2. Joe Thorn and (Fake) angry Calvinists.
  3. Ed Stetzer on Denominations.
  4. 12 questions to confirm your calling to plant a church.
  5. Jen Smidt on What is beautiful part 1 and part 2.
  6. Can megachurches be missional?
  7. Trevin Wax on 5 ways to redeem your ride to work.
  8. 10 suggestions to raising Godly children.
  9. Mark Driscoll on Women & ministry.
  10. Top 5 reasons why people don’t give to your church.

Launching Missional Communities *A Field Guide*

Mike Breen’s book Launching Missional Communities came at just the right time for me. I chronicled the angst I felt over the last 18 months and what God was doing in my heart and the hearts of the leaders at Revolution in our recent vision night.

I love what Alan Hirsch said when he read this book, “For years I’ve written about what the future of the church might look like. Consider this one of the best books around at actually doing the real thing.”

This is a book, that regardless of how you do church, what you believe about mission and community, it will stretch your thinking. It will challenge you. Push you.

They start about clearing showing the need for a change within the American church. Too many churches and pastor’s are willing to do the same thing they were doing 10-20 years ago and hope to get results that are different than what they are getting.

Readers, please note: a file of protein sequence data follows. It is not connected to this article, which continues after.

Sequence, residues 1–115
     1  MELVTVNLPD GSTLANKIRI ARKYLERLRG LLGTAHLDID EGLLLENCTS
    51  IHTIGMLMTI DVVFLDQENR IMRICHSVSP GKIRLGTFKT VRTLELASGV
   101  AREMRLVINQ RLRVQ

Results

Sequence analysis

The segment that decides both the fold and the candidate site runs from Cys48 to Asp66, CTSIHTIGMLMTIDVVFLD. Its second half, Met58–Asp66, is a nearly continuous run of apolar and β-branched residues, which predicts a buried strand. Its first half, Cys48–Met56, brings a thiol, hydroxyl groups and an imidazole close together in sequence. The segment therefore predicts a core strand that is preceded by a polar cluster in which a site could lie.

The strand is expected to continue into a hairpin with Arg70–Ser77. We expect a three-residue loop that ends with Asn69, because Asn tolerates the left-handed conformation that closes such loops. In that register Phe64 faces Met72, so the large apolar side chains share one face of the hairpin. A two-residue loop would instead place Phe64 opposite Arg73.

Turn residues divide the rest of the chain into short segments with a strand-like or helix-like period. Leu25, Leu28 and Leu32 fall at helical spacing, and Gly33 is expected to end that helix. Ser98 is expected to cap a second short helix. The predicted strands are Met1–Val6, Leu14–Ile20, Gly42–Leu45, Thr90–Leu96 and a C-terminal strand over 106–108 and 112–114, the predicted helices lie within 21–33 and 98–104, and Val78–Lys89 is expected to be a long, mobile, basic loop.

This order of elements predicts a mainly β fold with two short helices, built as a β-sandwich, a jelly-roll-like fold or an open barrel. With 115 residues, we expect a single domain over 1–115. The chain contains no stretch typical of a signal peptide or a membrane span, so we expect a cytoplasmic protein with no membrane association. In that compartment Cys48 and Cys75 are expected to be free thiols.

The authors then clearly lay out how to start missional communities, how a church transitions to being oriented around missional communities. How to develop leaders, the criteria, how to multiply MC’s.

They then walk through the inner workings of MC’s. Handling kids, what the gatherings look like, etc.

The most helpful part of the book was all the case studies throughout the book and in part 5.

If I had one criticism about the book is that it has very little to do with the gospel. It has why the church should be designed this why from Scripture, but the gospel is what pushes us to be on mission as a community. Much of the talk about missional communities has more to do with being on mission and less about community and discipleship. While I appreciate that, I think there does need to be a balance.

All in all, if you are wrestling as I was with a sense that mission, community, and discipleship are not hitting on all cylinders, or thinking about making the transition to missional communities, this book needs to be on your list. If for nothing more than to push your thinking to a place it hasn’t been before.

Links of the Week

  1. Chuck Swindoll on The most important thing.
  2. Charles Stone on 5 non-negotiable decisions every leader must make.
  3. 25 ways to be missional in your neighborhood.
  4. Mike Breen on How culture has corrupted the American church.
  5. Jonathan Dodson on Is Pluralism more tolerant than Christianity?
  6. Motherhood is application.
  7. Steve Jobs resigns as Apple CEO.
  8. Jared Wilson & Tony Merida on Preaching Today.
  9. One of the main reasons students leave church after high school is their faith reflects the faith they’ve seen growing up.
  10. Bill Hybels on Preparation matters.
  11. 6 trends in church staffing.
  12. Carl Trueman on Teaching your kids the trinity.
  13. Scott Williams on Most leadership stress is self induced.